Scroggin has always been an integral part of Mike’s outdoors life and it calls up memories of long days on the trail and fleeting restful mid-crag moments. Here he digs deep into a bag of (sometimes unidentifiable) deliciousness and comes up with a handful of the history and science behind every adventurers favourite snack.
A mixture of dried fruit, nuts, and other food eaten as a snack by hikers – Oxford Dictionary
[way of life]
Bunch of yummy things in a ziplock bag – We Are Explorers Dictionary
What Is Scroggin?
I grew up believing that scroggin was an essential food group, at the top of the pyramid, that must be consumed every day whilst hiking. The eclectic mixture of over-sweetened, home-brand lollies and excessively salty mixed nuts combines with runny melted chocolate when you leave it in the top of your pack — it’s a dish to be desired.
Yet as time goes on, the term “trail mix” has been infiltrating the outdoor scene, floating around with increasing frequency.
What Do You Call Trail Mix…When You’re Not On A Trail?
Trail mix might be what goes in kids’ lunchboxes, or what sits on workaholics’ desks to fuel endless spreadsheet faffery. But it’s scroggin that goes on adventures. It’s scroggin that bulges from your pockets while hiking. It’s scroggin as a quick snack on the belay ledge, the summit and trailforks. But most importantly, it’s scroggin that tastes good.
With a name almost as exciting as spondonicles, our tramping friends across the ditch have attempted to claim a Kiwi origin to scroggin dating back to the 1940’s. Yet the same is claimed by old Aussie bushwalkers.
Regardless of who invented it, scroggin is the perfect snack at all times on a journey (and for 3 days after…as you made too much…again). It’s become a staple, easy to make, high-energy adventure food that lets you get away with ill-prepared meal plans on multi-day expeditions.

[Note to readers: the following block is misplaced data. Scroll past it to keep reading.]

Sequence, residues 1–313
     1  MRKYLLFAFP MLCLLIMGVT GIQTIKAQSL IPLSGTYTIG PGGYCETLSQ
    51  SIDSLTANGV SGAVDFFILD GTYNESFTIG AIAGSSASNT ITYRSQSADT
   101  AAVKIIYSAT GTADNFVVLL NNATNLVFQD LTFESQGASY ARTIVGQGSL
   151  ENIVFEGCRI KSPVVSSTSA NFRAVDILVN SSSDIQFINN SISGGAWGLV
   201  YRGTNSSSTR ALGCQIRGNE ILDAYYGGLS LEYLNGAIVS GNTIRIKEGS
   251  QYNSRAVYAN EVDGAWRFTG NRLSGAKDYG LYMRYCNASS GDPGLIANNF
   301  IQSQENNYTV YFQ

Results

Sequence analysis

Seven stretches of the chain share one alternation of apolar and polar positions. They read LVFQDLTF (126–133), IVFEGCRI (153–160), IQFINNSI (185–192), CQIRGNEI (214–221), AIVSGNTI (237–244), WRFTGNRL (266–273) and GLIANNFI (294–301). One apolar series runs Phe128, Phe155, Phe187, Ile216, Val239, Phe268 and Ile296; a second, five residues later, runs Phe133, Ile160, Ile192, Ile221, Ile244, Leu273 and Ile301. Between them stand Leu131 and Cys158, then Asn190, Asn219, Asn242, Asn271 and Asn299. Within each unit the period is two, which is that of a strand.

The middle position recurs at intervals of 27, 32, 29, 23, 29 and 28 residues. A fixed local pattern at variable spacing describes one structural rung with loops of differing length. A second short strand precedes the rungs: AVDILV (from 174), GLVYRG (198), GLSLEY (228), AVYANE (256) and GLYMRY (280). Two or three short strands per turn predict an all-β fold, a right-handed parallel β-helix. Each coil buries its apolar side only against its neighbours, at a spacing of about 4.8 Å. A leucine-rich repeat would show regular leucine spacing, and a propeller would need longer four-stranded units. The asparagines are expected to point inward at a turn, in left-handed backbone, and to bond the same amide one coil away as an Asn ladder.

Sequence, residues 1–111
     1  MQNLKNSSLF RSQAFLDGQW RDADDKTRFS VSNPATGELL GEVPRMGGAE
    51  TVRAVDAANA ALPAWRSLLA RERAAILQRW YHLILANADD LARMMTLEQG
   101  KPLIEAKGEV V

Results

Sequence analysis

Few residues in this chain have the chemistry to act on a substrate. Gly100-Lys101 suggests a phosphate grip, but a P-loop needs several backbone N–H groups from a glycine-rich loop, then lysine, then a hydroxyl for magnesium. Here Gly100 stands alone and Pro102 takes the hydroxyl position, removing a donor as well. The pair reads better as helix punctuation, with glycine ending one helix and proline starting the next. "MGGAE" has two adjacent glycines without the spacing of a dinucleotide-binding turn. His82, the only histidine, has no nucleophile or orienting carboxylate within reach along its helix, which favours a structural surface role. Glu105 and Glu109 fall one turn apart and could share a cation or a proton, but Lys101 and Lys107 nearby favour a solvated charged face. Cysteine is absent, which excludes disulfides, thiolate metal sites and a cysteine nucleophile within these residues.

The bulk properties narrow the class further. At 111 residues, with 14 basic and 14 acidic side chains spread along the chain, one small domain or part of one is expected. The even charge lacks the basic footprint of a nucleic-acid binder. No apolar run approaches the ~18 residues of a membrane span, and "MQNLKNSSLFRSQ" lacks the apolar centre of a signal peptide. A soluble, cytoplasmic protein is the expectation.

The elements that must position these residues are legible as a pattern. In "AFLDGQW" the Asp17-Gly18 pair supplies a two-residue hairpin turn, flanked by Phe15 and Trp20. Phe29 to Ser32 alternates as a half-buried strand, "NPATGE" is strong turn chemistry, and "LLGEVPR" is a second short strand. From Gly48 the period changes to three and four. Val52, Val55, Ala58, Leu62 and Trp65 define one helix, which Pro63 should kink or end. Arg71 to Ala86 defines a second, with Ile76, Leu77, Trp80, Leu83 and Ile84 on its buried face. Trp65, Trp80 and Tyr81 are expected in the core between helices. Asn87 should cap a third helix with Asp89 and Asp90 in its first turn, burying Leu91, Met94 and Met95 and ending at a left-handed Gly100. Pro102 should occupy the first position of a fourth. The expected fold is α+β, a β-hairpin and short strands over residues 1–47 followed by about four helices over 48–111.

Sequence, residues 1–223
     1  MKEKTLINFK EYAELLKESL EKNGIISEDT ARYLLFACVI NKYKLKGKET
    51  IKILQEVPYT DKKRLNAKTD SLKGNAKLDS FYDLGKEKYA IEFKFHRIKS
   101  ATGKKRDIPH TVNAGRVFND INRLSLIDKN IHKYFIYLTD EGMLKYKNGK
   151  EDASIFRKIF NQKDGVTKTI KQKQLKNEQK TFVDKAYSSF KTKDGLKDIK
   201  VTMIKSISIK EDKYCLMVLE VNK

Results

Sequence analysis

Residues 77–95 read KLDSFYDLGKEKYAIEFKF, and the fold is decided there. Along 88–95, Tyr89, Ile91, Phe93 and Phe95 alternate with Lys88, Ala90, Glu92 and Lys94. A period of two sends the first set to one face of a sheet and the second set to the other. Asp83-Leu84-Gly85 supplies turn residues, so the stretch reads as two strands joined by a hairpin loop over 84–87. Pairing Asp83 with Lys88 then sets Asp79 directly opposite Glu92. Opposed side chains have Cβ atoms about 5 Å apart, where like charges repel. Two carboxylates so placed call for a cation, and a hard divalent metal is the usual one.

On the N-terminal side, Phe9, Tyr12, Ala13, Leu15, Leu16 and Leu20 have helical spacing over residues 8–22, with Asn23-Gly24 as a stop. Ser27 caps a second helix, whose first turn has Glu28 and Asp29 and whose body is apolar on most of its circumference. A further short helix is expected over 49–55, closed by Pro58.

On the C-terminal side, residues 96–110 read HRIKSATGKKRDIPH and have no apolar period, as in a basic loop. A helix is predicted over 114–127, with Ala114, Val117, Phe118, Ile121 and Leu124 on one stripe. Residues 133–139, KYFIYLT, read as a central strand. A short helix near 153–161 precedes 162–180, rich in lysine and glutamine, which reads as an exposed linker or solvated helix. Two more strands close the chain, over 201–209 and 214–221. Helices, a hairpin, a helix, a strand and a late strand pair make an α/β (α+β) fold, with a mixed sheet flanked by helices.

(You could also read these articles and be super-prepared — but still bring scroggin!)
As much as it sounds like it, scroggin might not actually be a describing the chunky leftovers in the sink after all — S.C.R.O.G.G.I.N is an acronym.
I discovered this paradigm shifting information while going through my partner’s grandad’s old bushwalking trip notes, which include typewriter stories of snow-laden frozen waterfalls on Mt Solitary and walks through the Burragorang Valley before it was flooded by Waragamba Dam. But as an analytical chemist, Lister George Clark’s (Jack’s) finest work was by far a comprehensive analysis of S.C.R.O.G.G.I.N
S – Sultanas
C – Chocolate
R – Raisins
O – Orange peel
G – Ginger
G – Glucose
I – Imagination
N – Nuts
Jack gives us a percentage breakdown too:
Dried fruit 42.5%
Dried Ginger 15%
But, as scroggin is 110% better than any other food group, throw in another handful or two of whatever you like.
Some More Handy Tips From Jack
- Chop everything to a similar size so it mixes well together — as sultanas and nuts will make up most of the mix, chop to this size, or find items such as chocolate cooking buttons that will mix well.
- Don’t be afraid to mix up the dried fruit. Dried apricots, apples, cranberries and coconut flakes work well too.
- Scroggin is a high-sugar, moderate-fat food with a bit of protein. Roasted peanuts are a good choice as they contain 40% fat and 26% protein, while other nuts contain up to 50% more fat and less protein.
- If you have leftovers, mix them in with a tub of vanilla ice cream when you get home!
Feature photo by Andy Lewis @andylewis_photography
More food for thought on the trail…